Initially, I found it a bit hard to keep track of the characters. With a cast of 12, it was hard to keep introductions straight, although this did get easier as the story began to move along. One of the biggest detractors for me was the attitude of the tourists as they began their journey. Although they had signed up for a pretty intensive cultural experience, none really seemed fully committed to actually living that experience. They seemed to be falling into a put of every negative tourist stereotype possible. I frequently found myself feeling that the place described seemed incredible and made me want to visit—but that I would be thoroughly miserable if I had visited with that group of people.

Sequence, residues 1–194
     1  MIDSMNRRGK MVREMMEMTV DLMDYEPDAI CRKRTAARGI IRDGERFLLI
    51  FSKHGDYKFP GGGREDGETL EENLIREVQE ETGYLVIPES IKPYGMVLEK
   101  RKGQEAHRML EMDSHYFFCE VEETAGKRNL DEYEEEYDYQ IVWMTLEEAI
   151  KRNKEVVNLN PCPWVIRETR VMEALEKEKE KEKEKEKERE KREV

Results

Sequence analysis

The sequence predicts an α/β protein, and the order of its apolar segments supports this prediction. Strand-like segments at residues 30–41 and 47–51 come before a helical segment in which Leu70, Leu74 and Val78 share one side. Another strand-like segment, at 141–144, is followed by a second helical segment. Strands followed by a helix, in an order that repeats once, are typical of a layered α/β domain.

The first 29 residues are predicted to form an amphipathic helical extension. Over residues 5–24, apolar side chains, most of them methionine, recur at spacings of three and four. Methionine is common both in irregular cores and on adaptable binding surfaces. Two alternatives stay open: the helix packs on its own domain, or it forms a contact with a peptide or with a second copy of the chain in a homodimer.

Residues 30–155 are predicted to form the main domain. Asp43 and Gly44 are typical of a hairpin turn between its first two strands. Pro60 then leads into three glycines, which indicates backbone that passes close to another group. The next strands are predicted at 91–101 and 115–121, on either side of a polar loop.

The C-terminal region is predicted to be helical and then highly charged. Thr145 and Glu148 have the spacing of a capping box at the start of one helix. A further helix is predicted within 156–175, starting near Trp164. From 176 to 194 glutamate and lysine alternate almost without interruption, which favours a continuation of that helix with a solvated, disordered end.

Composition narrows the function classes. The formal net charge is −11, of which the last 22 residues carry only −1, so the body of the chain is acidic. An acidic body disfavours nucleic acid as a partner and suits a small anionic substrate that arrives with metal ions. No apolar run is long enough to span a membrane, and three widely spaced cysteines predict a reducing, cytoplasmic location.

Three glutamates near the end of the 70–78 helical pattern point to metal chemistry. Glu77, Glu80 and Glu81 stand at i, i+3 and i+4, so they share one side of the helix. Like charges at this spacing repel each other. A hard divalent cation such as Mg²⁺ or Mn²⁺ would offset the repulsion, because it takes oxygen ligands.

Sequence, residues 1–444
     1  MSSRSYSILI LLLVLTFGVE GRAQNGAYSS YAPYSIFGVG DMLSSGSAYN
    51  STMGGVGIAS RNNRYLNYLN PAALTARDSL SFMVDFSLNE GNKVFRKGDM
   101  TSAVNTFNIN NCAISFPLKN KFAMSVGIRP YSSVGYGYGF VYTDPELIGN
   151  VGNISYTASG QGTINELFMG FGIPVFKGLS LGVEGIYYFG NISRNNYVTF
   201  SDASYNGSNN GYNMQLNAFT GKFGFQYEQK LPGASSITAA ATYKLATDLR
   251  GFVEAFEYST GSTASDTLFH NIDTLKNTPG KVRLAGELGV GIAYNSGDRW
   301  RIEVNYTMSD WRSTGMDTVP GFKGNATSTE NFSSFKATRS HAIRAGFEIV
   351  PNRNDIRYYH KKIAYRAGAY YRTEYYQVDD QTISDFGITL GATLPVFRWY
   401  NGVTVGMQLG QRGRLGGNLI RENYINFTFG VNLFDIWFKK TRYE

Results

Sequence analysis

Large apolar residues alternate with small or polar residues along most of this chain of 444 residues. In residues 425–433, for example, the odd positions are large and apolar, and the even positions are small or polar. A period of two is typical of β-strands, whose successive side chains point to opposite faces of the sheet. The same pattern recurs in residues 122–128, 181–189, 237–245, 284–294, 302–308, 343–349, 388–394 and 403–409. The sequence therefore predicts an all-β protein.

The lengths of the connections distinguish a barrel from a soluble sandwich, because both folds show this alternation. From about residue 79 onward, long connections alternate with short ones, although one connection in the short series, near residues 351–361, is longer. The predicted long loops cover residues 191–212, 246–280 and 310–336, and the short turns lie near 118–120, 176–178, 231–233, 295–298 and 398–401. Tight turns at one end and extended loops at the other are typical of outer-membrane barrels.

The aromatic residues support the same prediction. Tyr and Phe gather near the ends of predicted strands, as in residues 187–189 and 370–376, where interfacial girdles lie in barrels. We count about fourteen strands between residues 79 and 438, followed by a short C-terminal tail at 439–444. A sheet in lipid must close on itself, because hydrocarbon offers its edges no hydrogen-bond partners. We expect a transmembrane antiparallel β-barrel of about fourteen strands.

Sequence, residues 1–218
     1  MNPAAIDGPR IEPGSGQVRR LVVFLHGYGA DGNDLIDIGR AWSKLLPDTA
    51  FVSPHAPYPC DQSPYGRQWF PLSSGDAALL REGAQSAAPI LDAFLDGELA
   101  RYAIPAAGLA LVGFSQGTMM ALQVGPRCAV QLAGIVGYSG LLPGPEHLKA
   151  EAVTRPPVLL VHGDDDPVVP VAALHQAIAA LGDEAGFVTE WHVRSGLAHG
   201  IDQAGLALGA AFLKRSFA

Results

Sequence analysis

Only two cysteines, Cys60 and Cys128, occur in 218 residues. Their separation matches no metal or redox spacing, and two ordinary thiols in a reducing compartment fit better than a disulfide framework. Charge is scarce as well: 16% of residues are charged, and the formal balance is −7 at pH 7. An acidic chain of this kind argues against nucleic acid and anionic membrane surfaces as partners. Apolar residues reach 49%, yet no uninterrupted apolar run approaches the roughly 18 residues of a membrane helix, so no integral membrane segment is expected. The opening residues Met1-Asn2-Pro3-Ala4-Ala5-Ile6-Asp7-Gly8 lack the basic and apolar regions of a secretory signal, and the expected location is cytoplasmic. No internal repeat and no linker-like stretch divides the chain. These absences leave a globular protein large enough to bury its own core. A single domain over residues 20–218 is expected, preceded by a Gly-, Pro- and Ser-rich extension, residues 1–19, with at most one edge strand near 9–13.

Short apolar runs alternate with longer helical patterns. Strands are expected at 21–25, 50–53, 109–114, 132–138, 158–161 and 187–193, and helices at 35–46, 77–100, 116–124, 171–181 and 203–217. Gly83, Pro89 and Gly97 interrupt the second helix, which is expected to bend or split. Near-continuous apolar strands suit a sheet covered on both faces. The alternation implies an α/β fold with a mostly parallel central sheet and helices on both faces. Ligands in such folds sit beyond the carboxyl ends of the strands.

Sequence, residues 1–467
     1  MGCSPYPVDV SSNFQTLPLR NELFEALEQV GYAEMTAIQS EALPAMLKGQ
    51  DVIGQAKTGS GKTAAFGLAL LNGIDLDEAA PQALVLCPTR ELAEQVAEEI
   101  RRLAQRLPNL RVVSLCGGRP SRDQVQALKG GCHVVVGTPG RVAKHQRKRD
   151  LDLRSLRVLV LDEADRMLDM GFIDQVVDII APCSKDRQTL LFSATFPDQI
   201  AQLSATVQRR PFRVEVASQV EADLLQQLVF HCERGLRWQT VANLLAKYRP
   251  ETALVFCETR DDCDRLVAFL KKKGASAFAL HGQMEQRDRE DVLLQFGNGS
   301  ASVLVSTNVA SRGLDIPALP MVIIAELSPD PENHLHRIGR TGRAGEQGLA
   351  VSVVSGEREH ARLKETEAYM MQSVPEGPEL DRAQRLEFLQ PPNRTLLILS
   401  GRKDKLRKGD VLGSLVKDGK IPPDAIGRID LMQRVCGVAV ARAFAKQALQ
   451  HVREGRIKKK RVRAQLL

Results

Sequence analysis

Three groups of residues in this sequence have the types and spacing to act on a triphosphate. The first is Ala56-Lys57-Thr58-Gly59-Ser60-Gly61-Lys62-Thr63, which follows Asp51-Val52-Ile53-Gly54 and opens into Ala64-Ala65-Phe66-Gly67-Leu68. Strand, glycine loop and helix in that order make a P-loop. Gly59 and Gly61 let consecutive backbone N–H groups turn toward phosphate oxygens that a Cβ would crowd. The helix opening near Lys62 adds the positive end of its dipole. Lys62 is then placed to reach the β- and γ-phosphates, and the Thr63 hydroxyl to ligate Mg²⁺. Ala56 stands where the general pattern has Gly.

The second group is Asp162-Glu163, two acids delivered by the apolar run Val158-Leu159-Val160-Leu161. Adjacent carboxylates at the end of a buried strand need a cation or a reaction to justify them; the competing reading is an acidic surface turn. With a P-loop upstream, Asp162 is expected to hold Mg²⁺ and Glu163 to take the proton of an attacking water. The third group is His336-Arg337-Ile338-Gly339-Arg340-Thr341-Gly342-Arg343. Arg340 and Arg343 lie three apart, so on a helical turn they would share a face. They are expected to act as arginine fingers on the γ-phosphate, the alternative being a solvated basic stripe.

That said: some of the tourists did start to grow on me as things progressed. Of course, that did not completely negate my irritation with them. The description of the novel simply talks about the disappearance of the tourists, whereas in the story it is very clear that they have essentially been kidnapped. I do not want to give too much away, but will say that the kidnapping is not a violent one, and is primarily due to an unusual set of coincidences, cultural misunderstandings, and information lost in translation. So much so that by the end of the novel, even after being rescued, not one of them ever realized that they had been kidnapped. While the narrative was interesting and included some great descriptions of aspects of Asian culture, the novel as a whole did not resonate well.

Boris’s Thoughts: “I do not approve of stories that make you want to go to faraway places. 1 paw.”

Unread Shelf Progress for June

  • Books Read: 5
  • Books Acquired: 2
  • Total Unread Books: 278